Saturday, December 29, 2012

my (recent) story of failure.

at the end of february twothousand eleven i set some goals: i'd run a second marathon, i'd take my first mft exam, and i'd sing a song in public. i gave myself threehundred sixtyfive days, making the completion day march first, twothousand twelve. as march was approaching, i'd finished the marathon and the singing escapade but i'd neglected to study for my exam. i put it off and postponed the exam date until i realized i just needed to take the damn test, regardless of the amount of studying i didn't do. at the time, it was more important to complete the goal regardless of my preparation for the goal. i think this was symbolic of twothousand eleven- one of the most difficult years of my life; i needed to know that some of the central components of who i was were still deep inside me: courage, diligence and drive.

 so i went to the testing center on march first and took the first of the two exams. you learn the results immediately following the exam so when i read the big red letters FAIL i wasn't terribly surprised. okay maybe they weren't bigger than the standard twelve point font but they were red. either way, i failed. in that moment, and in the weeks following, shame followed me around like a rain cloud in seattle.

i began processing my failure in therapy where i was quickly reminded of all that i've achieved. we talked about failure and why it was so significant to me: it was more about letting others down with the perceived expectations people had of me than it was about my own expectations for myself. for some reason, because i didn't waltz into the test and pass without studying, i now would be classified as stupid.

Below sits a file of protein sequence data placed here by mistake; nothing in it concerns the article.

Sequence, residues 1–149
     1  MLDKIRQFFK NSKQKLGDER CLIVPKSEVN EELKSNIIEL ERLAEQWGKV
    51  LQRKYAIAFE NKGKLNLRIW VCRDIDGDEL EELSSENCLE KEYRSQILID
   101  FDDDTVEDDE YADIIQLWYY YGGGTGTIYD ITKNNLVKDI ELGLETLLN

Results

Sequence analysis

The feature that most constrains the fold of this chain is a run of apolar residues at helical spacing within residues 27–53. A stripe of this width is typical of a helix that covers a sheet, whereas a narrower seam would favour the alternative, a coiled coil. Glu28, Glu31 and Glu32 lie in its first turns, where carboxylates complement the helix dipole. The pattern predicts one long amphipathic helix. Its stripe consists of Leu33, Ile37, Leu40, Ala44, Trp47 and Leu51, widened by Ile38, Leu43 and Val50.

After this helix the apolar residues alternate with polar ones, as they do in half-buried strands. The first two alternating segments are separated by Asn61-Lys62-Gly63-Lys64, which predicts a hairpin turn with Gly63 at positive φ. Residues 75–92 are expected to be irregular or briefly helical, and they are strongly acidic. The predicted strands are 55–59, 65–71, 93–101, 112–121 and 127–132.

slowly i told people here and there but the most monumental experience of sharing my failure was when i told my small group of high school girls. showing these four girls that i could fail and my life didn't come crashing to the ground and that i could even still be successful in my career was what we all needed to hear. i was humbled by their response, but more so, i was grateful to show them that attending a good college will still be an option if they don't have straight a's, perfect sat scores, and more extracurricular activities than they can count on their toes and fingers. we laughed and talked about ways each of us had failed recently. we talked about what it meant to be smart, what it meant to live for (the perceived) expectations of others, and what it meant to have expectations of ourselves. it was so worth it. i became a little bit more human for those girls in that day.

i went on to put in significant time and effort to study for the first test. i took it over again on november twelfth and passed, which opened up eligibility to take the second test. passing brought me a new confidence and i decided to put everything into studying for the second exam. december seventeenth at eleven in the morning i saw a green PASS on the screen. the feeling of completion overcame me; the journey of becoming a marriage and family therapist started in a classroom in august of twothousand seven and it was finally finished.

failing that first exam and bringing my shame into the light has been the most significant part of this career journey. i am grateful.

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